Amid Georgians' tales of violence, death toll is unclear

McClatchy NewspapersAugust 23, 2008 

Vladimir Otiashvili leans over the makeshift grave of his son, Ioseb, who he buried in the garden after Ioseb was shot by South Ossetian militia members in Tkviavi, Georgia, August 23, 2008. (Tom Lasseter/MCT)

TOM LASSETER / MCT

TKVIAVI, Georgia_ Vladimir Otiashvili spent a day watching his son bleed to death.

He couldn't rush his son, Ioseb, to the hospital because the same South Ossetian fighters who'd shot him in the stomach and arm last Tuesday were still on the streets of Tkviavi, looting houses and setting fires.

So Otiashvili sat by his son's bedside, wept until it was over and then buried Ioseb under a mound of dirt in the garden.

More than a week after fighting ended between Georgia and Russia, exactly what happened on the battlefield during the five-day war and who was responsible for deaths like that of Ioseb Otiashvili remains unclear.

In villages such as Tkviavi, Georgian residents accuse South Ossetian irregulars of sweeping in after the Russian advance and wreaking havoc. Russian troops rolled in after Georgia tried on Aug. 8 to seize control of the Russia-backed breakaway area of South Ossetia, just a few miles north of Tkviavi.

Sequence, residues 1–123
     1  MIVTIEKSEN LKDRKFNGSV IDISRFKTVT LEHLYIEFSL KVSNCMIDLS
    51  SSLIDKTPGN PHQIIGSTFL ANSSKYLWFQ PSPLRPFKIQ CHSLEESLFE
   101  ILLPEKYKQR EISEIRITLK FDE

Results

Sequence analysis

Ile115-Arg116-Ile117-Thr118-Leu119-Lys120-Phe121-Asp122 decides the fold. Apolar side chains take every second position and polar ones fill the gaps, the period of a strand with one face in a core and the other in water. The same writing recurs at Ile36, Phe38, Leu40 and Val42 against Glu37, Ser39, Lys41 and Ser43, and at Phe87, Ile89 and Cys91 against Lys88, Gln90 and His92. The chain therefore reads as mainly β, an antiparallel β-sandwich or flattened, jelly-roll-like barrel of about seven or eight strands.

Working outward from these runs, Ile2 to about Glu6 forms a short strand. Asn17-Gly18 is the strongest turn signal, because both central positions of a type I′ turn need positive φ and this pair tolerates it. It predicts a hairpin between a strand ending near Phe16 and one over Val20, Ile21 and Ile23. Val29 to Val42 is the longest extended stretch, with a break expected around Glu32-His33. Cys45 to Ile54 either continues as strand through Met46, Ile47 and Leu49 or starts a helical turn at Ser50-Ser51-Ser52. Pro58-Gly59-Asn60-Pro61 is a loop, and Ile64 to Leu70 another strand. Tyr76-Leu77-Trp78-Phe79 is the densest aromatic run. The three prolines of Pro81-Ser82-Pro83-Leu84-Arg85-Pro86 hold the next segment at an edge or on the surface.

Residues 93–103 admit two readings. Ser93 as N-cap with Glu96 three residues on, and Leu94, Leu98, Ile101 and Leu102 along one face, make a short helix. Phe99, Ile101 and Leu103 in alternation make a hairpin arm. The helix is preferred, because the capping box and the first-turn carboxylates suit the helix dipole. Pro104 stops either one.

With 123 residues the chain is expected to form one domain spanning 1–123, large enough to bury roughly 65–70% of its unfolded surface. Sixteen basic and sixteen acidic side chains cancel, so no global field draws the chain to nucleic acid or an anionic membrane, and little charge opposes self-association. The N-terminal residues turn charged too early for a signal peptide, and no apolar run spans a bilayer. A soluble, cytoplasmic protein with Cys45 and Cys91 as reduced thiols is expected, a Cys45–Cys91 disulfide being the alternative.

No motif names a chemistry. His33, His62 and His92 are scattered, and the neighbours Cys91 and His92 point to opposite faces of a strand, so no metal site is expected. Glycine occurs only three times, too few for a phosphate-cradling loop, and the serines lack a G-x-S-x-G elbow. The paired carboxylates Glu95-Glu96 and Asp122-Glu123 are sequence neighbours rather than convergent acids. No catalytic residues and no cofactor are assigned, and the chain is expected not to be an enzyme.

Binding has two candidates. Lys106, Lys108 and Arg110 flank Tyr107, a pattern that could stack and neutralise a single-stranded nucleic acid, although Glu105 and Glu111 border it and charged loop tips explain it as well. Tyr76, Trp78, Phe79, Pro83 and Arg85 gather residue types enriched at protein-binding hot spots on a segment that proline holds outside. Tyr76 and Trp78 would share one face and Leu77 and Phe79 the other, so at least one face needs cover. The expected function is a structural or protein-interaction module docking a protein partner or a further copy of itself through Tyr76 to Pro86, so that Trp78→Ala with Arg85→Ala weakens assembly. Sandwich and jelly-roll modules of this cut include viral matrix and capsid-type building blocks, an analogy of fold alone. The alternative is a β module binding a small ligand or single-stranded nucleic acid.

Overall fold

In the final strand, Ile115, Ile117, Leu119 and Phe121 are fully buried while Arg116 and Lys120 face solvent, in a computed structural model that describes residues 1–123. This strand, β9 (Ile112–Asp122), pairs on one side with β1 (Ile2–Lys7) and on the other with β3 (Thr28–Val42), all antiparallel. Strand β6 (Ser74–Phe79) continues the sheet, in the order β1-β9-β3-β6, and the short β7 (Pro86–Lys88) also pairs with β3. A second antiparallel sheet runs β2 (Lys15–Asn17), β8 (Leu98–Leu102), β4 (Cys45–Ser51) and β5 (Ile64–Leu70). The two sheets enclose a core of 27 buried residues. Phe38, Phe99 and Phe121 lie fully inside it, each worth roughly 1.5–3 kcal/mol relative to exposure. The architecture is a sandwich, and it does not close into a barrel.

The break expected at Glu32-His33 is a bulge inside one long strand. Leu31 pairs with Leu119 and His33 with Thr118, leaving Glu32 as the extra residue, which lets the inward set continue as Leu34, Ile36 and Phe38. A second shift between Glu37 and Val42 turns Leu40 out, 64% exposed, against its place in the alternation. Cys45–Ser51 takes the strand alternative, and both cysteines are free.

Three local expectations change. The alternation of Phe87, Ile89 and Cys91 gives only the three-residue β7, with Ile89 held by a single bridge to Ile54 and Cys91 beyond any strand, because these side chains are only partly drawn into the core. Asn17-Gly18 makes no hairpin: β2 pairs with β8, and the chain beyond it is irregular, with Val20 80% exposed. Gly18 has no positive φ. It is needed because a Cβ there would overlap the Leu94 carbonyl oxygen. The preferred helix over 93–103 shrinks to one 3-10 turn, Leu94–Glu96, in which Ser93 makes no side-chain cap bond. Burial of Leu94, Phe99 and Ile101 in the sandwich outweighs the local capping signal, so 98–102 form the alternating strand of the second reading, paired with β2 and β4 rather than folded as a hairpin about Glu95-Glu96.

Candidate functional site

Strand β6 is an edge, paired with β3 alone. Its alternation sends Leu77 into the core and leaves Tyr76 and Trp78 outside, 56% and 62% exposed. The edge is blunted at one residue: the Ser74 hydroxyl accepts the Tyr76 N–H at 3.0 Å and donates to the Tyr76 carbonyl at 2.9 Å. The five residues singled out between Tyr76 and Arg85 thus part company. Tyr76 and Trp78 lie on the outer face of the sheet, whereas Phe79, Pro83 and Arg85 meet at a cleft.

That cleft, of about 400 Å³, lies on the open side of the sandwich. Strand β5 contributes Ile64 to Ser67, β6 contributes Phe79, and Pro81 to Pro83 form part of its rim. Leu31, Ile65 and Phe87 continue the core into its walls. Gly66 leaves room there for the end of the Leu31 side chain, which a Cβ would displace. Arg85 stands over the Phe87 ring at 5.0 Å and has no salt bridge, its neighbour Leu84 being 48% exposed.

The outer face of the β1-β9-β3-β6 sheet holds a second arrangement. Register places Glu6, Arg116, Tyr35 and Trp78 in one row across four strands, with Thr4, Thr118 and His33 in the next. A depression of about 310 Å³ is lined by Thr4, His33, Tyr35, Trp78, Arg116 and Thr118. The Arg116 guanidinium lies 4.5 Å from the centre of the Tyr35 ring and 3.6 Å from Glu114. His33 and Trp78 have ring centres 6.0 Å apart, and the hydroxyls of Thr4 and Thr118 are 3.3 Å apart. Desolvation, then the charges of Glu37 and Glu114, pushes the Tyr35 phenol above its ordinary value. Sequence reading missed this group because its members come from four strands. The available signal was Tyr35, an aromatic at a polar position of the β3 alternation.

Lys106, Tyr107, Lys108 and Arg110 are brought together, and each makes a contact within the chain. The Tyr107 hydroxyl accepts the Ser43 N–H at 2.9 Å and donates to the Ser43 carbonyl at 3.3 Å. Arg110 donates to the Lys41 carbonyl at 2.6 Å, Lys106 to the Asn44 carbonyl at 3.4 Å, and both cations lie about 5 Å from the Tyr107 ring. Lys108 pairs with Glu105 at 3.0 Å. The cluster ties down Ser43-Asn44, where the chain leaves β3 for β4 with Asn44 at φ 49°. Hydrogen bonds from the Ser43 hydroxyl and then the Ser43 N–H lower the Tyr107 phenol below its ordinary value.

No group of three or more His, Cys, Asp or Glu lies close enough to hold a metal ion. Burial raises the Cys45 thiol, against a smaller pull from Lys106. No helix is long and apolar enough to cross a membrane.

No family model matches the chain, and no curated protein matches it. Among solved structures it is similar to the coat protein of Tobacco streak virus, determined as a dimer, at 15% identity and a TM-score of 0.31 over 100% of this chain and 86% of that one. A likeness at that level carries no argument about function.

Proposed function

South Ossetian officials have accused Georgian forces of killing some 2,100 people during their offensive, a figure that was not supported by hospital officials in the region's capital, Tskhinvali, and has been widely discredited.

Georgians say the casualty figures are much lower — 216 dead counted so far — and allege that the Russians allowed militias to run amok as they pushed Georgia's military out of South Ossetia and drove deep into the country.

Researchers for Human Rights Watch, an international advocacy group, have found that villagers they interviewed consistently point to a link between the Russian military and Ossetian looters.

"What we have heard from the villagers is that they were definitely together," said Ole Solvang, a consultant for the group who has gone on the fact-finding trips. "There seems to have been some kind of relationship."

Solvang said that he was particularly concerned that villages between South Ossetia and Georgian-controlled territory are now in a no-man's land, where the lack of law enforcement could allow further violence against civilians.

Robert Przedpelski, the International Committee of the Red Cross team leader for tfor the region, said residents were terrified because "these people don't know who comes by day or who comes by night. It's total uncertainty."

Przedpelski said that because of his organization's neutrality he couldn't speak about patterns of attacks on civilians or who he thought might be responsible.

A top human rights official for the Georgian government, Sozar Subari, said that he's gotten conflicting reports of Russian troops protecting residents from Ossetian militias while at other locations allowing those same groups to kill and plunder.